A primary care practice and several urgent care centers in Rhode Island have to pay 103 workers a total of $175,000 in back wages and “liquidated damages,” as well as paying $50,000 in civil penalties, to settle charges that they didn’t keep accurate records and thus failed to pay workers properly for overtime hours worked. The alleged infractions would constitute violations of the Fair Labor Standards Act. An announcement on the website of the U.S. Department of Labor warned that as competition for quality workers increases—certain healthcare sectors are expected to grow 16% by 2030, adding some 2.6 million jobs—top talent will have the luxury of being choosy when deciding on their “next” employer. As such, recruitment and retainment could be challenging. This is not news for many urgent care operators, of course. In fact, JUCM published an article on Becoming the Employer of Choice for the Emerging Urgent Care Workforce. It’s available in our archive now.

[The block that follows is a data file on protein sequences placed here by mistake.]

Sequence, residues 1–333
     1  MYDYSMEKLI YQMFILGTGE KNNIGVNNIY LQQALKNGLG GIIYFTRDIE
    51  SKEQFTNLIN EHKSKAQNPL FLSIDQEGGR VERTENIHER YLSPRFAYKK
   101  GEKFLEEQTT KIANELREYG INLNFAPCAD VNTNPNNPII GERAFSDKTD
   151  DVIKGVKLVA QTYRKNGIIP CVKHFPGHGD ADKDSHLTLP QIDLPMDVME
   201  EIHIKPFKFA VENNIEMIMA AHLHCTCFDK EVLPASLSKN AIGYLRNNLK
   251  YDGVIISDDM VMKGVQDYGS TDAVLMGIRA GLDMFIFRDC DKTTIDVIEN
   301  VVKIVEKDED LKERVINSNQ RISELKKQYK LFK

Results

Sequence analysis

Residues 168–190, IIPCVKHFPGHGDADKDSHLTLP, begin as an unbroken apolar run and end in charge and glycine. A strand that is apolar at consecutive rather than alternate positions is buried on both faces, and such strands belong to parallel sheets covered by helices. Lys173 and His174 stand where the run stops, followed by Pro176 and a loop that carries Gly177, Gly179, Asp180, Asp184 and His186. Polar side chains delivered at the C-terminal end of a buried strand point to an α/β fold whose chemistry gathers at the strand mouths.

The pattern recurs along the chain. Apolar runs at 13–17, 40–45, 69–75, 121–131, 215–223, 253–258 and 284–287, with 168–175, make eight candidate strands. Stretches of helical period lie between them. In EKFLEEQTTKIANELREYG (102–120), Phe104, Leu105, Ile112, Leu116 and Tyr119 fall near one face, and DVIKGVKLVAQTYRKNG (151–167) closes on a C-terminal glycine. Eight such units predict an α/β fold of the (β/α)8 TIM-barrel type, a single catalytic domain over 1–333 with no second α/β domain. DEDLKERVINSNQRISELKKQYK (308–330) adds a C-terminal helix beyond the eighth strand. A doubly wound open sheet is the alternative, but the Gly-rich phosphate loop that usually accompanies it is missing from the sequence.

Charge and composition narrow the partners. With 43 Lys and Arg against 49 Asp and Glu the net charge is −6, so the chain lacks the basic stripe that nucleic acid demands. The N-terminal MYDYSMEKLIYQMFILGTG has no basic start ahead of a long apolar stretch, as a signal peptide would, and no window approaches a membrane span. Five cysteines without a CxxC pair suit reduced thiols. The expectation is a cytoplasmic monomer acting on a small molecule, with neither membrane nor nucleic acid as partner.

Settlements and Mass Resignations Await Operators Who Shortchange Urgent Care Workers
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